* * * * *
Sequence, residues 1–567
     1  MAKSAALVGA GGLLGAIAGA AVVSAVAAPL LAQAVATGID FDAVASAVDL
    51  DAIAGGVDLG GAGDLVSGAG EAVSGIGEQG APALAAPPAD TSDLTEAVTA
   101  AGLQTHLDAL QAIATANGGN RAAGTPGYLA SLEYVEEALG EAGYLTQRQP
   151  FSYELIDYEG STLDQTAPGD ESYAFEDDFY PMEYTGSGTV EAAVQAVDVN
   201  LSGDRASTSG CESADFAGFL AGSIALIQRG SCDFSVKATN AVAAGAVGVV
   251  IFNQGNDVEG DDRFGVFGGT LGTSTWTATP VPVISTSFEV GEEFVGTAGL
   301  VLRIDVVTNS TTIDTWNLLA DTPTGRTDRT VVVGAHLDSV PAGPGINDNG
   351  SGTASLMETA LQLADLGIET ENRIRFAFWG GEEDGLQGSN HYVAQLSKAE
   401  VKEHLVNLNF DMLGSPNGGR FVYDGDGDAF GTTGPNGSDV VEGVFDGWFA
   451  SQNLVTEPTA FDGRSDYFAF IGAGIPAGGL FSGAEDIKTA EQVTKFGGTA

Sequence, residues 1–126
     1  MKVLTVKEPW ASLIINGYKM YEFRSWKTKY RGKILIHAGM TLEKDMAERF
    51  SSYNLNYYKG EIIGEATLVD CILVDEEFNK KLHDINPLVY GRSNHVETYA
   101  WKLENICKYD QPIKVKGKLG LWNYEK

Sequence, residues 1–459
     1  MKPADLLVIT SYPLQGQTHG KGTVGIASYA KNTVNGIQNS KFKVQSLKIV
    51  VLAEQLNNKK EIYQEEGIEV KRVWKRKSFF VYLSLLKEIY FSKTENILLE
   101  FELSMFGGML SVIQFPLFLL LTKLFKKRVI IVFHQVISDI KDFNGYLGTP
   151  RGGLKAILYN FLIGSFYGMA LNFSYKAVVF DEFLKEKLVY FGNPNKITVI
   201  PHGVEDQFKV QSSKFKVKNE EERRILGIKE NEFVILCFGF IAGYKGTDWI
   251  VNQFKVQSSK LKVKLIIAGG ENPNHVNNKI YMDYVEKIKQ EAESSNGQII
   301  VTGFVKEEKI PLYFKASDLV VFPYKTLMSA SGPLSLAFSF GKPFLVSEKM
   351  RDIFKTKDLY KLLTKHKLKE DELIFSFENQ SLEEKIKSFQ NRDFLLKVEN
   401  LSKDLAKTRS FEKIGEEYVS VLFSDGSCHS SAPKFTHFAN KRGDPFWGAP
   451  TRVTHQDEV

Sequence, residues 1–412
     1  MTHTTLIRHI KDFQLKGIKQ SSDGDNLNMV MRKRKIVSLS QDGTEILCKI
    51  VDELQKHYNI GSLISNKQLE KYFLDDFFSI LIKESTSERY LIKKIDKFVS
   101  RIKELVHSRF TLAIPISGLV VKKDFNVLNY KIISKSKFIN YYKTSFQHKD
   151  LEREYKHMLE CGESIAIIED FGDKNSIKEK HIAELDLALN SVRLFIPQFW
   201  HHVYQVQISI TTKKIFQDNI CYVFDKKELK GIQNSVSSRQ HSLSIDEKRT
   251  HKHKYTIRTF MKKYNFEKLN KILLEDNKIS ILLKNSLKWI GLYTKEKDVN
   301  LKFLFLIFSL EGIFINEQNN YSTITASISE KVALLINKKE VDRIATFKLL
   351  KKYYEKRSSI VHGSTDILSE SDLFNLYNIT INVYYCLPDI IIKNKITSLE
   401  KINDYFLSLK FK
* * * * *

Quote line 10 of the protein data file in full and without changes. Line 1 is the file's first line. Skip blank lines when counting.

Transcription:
   401  VKEHLVNLNF DMLGSPNGGR FVYDGDGDAF GTTGPNGSDV VEGVFDGWFA